Head Up Eyes Forward

Head Balance
toddler walking toward camera

I read a story recently about someone’s first experience with the Alexander Technique. It was many years ago, and he had come across a poster advertising an introductory workshop.

The workshop was titled “HEAD UP EYES FORWARD: An Introduction to the Alexander Technique.”

He went to the workshop. I think that he eventually went on to train to be an Alexander Teacher. What impressed me about the story was that all these years later he remembered the four words on the poster. HEAD UP EYES FORWARD. I don’t remember the titles of most workshops I have attended over the years. Perhaps the general topic, but not the title. Why did this fellow remember these four words?

It is often easier to retain information when you have a simple and catchy phrase to help you remember. If it rhymes, even better.

We all know the ubiquitous KEEP CALM AND CARRY ON from our friends across the pond. Or one of the seemingly thousands of variations on it from KEEP CALM AND TAP DANCE to KEEP CALM AND EAT BACON. This is an example of one such simple and catchy phrase.

I would put HEAD UP EYES FORWARD in that same category.

Besides being simple and easy to remember, it is quite good advice.

Most of these days our heads are FORWARD and our eyes DOWN. Typically looking at one type of screen or another. The problem with too much of this is that your head weighs 10-12 lbs. When it is hanging forward as your eyes look down at your smartphone lying flat on the table or on your lap, for example, it is sort of like hanging a heavy shopping bag on the end of your neck.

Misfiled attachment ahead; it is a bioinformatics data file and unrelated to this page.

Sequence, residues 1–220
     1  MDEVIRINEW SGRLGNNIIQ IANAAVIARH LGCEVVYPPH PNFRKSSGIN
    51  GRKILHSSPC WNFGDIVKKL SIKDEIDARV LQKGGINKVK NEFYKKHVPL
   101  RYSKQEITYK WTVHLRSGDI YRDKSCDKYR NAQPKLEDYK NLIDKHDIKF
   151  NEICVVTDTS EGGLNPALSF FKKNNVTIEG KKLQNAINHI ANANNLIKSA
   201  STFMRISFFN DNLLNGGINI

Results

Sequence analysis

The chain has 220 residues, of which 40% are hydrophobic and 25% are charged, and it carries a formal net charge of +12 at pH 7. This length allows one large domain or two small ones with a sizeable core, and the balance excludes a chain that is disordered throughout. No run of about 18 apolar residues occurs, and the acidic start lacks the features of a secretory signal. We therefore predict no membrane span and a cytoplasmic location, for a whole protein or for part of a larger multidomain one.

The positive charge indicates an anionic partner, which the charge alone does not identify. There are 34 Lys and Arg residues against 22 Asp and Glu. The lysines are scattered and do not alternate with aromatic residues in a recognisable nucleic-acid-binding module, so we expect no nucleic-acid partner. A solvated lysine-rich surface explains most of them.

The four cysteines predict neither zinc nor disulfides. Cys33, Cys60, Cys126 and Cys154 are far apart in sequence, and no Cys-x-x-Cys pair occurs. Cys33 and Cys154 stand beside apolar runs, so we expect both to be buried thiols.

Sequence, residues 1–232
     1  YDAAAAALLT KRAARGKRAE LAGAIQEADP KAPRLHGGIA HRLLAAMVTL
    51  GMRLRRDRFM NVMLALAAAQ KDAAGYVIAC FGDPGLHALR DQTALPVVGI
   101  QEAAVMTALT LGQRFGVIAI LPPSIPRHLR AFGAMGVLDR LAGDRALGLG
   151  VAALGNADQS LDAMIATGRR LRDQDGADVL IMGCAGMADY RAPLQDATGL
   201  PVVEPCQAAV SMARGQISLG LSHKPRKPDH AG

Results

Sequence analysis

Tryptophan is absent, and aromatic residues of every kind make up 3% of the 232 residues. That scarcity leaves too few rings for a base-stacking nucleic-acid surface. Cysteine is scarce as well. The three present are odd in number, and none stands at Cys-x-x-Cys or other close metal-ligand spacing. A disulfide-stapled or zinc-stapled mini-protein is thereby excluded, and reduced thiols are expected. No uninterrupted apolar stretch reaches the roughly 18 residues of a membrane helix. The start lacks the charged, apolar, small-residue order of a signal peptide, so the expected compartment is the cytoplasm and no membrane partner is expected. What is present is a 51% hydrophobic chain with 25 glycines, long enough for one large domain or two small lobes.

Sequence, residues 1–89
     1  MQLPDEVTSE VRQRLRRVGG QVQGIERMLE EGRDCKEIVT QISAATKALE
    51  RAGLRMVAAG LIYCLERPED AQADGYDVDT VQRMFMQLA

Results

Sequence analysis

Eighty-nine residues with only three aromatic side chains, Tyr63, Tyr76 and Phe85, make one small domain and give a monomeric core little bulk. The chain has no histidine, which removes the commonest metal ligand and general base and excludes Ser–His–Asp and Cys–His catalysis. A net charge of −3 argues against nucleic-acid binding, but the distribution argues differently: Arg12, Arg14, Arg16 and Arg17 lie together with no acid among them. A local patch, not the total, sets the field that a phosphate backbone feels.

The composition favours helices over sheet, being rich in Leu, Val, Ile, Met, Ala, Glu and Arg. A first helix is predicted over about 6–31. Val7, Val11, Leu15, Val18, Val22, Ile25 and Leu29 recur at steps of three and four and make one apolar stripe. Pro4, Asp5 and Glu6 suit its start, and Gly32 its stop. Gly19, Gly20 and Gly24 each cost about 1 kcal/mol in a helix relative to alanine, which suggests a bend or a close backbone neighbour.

Alexander’s discovery was the importance of the relationship of the head to the spine. When the head balances freely on top of the spine (HEAD UP) posture and movement benefit. If your head is sitting up on the top of your spine your EYES naturally point FORWARD. Your eyes are in the front of your head after all.

I get questions all the time about how to walk correctly. First of all, if you know me at all, you know that I will tell you that there is no right way to walk. But the first step to making walking easier for yourself is HEAD UP and EYES FORWARD.

I am a big advocate of making walking a time to take a break from your phone.

And if you do you can remove some strain from the neck and back by allowing your head to gently balance and rest on the top of your spine. Look out with a wide focus on where you are going. Be aware of your surroundings.

If you live in a busy urban area this is Safety 101. If you have a wide focus your brain will automatically plan for what’s coming so you can avoid obstacles in your path. You may find you can walk easier, faster, and more efficiently if you keep your focus out in front of you instead of down at the ground.

Your body and your posture will thank you for it.


Spread the word.

Image of toddler: Patryk Kosmider/Shutterstock

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